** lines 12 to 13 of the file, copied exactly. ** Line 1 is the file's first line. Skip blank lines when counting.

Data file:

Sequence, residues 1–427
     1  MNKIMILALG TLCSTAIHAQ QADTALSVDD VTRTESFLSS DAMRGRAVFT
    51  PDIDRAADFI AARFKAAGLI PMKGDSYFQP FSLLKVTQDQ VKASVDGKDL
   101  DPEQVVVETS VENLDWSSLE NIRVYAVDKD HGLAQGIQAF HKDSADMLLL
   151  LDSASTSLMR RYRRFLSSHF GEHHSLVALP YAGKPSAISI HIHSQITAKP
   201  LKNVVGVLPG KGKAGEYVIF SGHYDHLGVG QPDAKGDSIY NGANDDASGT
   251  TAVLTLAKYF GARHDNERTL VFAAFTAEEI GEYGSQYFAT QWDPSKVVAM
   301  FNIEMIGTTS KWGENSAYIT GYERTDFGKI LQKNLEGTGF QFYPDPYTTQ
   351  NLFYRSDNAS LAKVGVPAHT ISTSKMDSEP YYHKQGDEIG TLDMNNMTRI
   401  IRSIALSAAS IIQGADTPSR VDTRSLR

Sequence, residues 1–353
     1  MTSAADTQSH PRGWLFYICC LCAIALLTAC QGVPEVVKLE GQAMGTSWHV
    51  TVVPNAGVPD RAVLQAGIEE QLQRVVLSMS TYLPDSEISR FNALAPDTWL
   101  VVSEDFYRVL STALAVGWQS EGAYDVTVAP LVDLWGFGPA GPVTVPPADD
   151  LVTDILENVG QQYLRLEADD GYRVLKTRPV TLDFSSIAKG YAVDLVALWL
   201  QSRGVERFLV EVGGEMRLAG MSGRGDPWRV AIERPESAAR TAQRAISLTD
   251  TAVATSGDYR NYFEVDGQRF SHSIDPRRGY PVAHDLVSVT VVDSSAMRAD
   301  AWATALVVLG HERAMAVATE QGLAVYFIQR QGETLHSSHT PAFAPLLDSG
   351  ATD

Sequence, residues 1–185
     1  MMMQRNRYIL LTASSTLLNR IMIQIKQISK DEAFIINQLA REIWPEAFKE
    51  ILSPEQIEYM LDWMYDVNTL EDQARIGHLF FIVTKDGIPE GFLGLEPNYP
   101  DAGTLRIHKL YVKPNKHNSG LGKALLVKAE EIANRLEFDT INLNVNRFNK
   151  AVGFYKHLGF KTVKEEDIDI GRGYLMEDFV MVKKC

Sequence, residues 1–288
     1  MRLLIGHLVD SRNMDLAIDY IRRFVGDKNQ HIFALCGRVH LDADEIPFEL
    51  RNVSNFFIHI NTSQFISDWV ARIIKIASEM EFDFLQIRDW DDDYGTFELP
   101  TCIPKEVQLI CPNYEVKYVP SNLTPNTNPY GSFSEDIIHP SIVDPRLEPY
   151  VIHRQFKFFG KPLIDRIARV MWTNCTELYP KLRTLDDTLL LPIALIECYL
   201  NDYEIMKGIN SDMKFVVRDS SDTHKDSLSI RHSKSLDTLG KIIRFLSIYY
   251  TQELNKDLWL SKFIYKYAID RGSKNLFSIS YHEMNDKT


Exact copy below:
     1  MTSAADTQSH PRGWLFYICC LCAIALLTAC QGVPEVVKLE GQAMGTSWHV
    51  TVVPNAGVPD RAVLQAGIEE QLQRVVLSMS TYLPDSEISR FNALAPDTWL